Commentary: Teenage readers are on the decline

  According to a study by the Psychology of Popular Media Culture, a third of students did not read a book in 2016.

  In 2017, the Washington Post reported that Americans spend only an average of 17 minutes per day reading, an all-time low.

  Contrast these mere minutes spent reading with the numerous hours Americans spend on their cell phones each day — an astounding nine hours, according to Common Sense Media.

  As stark as these statistics are, I wasn’t surprised by them at all. I didn’t need to read the statistics to know that literature is dying. I see it clear in the Granite Bay community: simply put, I never see people reading anymore.

  When people are bored, their immediate reaction is to pull out their phones.

  So why is the decline of literature so concerning? If the whole point of a fictional book is to find a good story, movies and tv shows serve the same purpose. If it’s information we seek, a YouTube video would probably deliver the same information faster.

  However, books aren’t merely meant to provide stories and information. Reading actually has a large psychological and physical effect on people.

  A study done in Neurology found that mentally active Alzheimer patients — patients that read and wrote — developed dementia slower because they exercised their brains more.

  A 2016 Yale Public Health study found that those who read books for thirty minutes or more per day lived an average of two years longer.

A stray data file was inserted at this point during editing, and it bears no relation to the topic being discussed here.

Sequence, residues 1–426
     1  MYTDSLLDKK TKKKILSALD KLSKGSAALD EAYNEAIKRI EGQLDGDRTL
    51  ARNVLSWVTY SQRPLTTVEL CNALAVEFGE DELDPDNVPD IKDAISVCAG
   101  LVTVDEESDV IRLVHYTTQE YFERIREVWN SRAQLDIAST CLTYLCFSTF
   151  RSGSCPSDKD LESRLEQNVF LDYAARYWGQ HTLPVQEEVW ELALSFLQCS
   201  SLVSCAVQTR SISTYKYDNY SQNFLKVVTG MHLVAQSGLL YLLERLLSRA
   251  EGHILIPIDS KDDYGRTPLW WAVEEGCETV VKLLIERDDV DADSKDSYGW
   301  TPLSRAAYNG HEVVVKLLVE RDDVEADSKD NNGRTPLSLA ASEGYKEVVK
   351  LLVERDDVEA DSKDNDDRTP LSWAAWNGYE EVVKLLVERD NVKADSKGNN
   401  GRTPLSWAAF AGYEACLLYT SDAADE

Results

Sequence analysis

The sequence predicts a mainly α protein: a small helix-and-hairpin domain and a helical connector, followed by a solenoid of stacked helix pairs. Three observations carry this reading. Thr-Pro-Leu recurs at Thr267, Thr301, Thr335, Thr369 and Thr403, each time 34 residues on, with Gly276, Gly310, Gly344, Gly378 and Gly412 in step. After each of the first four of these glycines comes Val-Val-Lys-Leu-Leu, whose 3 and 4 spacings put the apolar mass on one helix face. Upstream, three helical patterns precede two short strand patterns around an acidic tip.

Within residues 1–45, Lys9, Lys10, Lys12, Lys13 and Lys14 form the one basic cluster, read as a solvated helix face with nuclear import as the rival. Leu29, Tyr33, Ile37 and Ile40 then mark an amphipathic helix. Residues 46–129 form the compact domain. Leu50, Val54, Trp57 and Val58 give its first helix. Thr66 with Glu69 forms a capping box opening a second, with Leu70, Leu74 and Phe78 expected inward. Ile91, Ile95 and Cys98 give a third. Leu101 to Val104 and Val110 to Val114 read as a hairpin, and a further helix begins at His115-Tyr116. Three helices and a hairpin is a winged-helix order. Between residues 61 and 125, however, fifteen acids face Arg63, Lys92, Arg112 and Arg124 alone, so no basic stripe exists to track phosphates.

According to the Telegraph, reading reduces stress by 68 percent.

  Although I cannot personally attest to reduced dementia, a larger lifespan, or even a reduce in stress, I still see the positive effects of reading in my life.

  This summer, I attempted to read a book a week and regretted it by the second week.

  For that week, I had chosen to read East of Eden by John Steinbeck. Not only was the page count high, but Steinbeck’s style and storyline often confused me.

  When I sat down, reading seemed a burden. I could easily spend two hours a day on my phone, and yet reading for those two hours was mentally fatiguing. My brain and attention span were out of practice and I often had to re-read pages.

  However, pushing through the mental strain of reading so much classical literature proved meaningful.

  In my lifetime, I have probably watched hundreds of YouTube videos. From the ones I’ve watched over this past year, I can probably only recollect a few, the premises and main points already fading in my memory.

  However the books I read this past year cover central themes I will never forget; I can never forget what Steinbeck said about morality, mortality, prejudice, community and love.

  Fictional literature wields the ability to make people smile, laugh or cry. Truly, reading is an immersive experience people must witness for themselves.